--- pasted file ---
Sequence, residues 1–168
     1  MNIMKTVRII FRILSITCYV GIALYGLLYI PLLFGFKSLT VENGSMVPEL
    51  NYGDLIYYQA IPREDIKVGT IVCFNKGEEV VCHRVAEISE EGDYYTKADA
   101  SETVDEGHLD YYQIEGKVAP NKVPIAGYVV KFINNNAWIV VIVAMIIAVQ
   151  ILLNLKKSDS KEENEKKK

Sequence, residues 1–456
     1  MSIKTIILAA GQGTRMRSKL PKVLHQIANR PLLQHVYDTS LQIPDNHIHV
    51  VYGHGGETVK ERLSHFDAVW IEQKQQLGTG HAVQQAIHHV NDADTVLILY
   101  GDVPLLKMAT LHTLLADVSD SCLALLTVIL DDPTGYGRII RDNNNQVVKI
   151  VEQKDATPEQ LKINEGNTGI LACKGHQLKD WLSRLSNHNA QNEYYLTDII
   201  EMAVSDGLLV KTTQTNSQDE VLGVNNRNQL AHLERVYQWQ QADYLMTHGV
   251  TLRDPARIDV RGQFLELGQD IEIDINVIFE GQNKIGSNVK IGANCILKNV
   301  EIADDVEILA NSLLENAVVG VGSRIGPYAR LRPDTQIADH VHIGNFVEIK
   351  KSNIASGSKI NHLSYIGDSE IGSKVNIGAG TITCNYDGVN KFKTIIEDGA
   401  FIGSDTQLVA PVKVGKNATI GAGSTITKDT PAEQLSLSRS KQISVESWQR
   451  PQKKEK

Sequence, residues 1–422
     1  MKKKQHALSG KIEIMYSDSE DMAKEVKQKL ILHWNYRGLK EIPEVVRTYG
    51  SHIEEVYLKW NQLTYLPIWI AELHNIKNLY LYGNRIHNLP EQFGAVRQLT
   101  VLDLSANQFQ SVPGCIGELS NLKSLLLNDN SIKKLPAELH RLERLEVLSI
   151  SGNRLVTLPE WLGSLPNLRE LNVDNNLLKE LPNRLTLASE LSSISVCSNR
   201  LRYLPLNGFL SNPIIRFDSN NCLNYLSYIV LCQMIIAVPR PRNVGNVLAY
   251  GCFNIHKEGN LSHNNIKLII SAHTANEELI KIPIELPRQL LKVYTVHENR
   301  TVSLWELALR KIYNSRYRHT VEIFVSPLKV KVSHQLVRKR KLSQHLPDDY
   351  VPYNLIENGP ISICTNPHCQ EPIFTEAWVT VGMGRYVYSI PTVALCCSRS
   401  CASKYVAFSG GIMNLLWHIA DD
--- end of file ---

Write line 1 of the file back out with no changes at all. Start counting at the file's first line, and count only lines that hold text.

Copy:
Sequence, residues 1–168